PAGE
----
Targeting high-grade B cell lymphoma with CD19-specific T cells


  • F.M. Lehmann
  • A. Maurberger
  • S. Feicht
  • F. Helm
  • C. Ladinig
  • E. Kieback
  • W. Uckert
  • T. Kammertöns
  • E. Kremmer
  • J. Mautner
  • A. Gerbitz
  • G.W. Bornkamm


  • International Journal of Cancer


  • Int J Cancer 135 (5): 1153-1164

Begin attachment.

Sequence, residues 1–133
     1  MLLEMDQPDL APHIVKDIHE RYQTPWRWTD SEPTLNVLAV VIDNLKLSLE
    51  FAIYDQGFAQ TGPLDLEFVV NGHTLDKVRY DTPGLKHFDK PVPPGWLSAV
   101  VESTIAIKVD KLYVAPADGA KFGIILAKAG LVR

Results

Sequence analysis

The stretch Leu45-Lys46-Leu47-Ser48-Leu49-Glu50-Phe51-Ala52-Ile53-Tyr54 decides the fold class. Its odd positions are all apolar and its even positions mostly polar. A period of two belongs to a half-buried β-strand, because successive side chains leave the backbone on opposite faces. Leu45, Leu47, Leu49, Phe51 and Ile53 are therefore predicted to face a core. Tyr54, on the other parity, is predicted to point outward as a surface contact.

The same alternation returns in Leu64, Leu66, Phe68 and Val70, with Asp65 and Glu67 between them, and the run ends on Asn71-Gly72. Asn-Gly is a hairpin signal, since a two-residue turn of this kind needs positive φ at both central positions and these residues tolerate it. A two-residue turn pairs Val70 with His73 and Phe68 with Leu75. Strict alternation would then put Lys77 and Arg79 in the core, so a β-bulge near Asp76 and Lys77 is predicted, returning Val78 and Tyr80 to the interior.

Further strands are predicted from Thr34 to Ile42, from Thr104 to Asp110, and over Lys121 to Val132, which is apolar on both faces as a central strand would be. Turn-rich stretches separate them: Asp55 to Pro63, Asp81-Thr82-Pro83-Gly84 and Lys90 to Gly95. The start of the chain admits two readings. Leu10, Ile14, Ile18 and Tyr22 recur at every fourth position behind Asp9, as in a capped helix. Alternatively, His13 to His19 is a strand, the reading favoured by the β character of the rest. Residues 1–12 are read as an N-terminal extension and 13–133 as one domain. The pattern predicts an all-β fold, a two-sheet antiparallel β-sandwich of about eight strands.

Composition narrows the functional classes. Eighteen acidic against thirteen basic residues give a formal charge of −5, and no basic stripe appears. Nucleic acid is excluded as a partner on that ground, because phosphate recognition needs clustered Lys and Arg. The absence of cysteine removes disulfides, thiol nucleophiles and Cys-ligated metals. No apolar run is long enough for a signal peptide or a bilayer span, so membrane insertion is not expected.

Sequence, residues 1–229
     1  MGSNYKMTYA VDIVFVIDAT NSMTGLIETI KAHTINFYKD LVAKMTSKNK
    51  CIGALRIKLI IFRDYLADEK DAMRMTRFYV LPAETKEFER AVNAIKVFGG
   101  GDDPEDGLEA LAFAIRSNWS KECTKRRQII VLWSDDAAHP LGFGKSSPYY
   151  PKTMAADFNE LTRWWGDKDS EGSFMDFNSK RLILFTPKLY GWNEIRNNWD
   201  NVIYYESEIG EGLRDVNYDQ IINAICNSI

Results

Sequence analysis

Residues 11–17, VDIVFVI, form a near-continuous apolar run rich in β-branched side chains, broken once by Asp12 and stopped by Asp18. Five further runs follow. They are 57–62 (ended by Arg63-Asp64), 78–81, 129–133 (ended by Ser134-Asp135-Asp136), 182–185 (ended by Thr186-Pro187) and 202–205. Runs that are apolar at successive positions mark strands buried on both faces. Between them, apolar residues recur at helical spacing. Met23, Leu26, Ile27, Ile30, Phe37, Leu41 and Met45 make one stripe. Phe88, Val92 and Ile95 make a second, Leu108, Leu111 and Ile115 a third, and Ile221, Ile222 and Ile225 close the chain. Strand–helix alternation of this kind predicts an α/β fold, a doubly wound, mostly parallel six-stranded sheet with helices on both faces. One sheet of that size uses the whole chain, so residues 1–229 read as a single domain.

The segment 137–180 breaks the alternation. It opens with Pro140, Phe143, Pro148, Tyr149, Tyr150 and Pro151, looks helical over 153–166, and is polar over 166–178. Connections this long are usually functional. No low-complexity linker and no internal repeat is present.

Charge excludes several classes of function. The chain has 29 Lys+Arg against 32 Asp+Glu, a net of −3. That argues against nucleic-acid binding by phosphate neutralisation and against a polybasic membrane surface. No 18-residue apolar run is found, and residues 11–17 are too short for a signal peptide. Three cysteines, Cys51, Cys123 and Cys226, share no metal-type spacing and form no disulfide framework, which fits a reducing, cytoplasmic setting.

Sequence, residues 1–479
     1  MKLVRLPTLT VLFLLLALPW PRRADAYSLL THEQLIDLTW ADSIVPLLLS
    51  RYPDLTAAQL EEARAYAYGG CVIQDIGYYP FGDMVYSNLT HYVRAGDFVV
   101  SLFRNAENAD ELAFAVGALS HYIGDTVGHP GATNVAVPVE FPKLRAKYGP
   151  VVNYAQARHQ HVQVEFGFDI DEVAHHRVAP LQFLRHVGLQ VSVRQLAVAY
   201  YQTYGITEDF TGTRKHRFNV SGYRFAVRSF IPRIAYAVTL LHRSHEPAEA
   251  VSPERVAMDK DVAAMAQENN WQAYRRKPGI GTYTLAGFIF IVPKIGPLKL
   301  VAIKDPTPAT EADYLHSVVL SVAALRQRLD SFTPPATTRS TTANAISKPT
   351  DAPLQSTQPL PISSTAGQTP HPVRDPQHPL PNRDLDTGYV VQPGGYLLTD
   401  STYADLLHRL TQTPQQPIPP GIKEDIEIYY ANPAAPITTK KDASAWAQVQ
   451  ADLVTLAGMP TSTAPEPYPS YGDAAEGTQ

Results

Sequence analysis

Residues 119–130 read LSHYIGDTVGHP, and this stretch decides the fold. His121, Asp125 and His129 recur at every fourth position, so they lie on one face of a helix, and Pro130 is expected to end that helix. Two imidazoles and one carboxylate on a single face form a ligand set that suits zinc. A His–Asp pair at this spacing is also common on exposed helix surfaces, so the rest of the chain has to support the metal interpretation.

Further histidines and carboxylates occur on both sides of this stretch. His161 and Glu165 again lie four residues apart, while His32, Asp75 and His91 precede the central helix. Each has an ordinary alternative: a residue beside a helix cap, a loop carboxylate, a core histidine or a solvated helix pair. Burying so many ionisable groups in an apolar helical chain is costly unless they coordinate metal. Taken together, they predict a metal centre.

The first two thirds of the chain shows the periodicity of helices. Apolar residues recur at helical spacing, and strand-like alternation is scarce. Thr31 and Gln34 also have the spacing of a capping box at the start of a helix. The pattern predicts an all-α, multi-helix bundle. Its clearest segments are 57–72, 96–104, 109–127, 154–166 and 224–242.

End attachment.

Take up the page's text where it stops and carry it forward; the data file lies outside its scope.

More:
• Adoptive T-cell therapy is an important additional treatment option for malignant diseases resistant to chemotherapy. Using a murine high-grade B-cell lymphoma model, we have addressed the question whether the B-cell differentiation antigen CD19 can act as rejection antigen. CD19(-/-) mice inoculated with CD19(+) B-cell lymphoma cells showed higher survival rates than WT mice and were protected against additional tumor challenge. T-cell depletion prior to tumor transfer completely abolished the protective response. By heterotypic vaccination of CD19(-/-) mice against murine CD19, survival after tumor challenge was significantly increased. To define protective epitopes within the CD19 molecule, T cells collected from mice that had survived the tumor transfer were analyzed for IFNγ secretion in response to CD19 derived peptides. The majority of mice exhibited a CD4(+) T-cell response to CD19 peptide 27, which was the most dominant epitope after CD19 vaccination. A peptide 27-specific CD4(+) T-cell line protected CD19(-/-) mice against challenge with CD19(+) lymphoma and also cured a significant proportion of WT mice from recurrent disease in a model of minimal residual disease after chemotherapy. In conclusion, our data highlight CD19-specific CD4(+) T cells for adoptive T-cell therapy of B-cell lymphomas.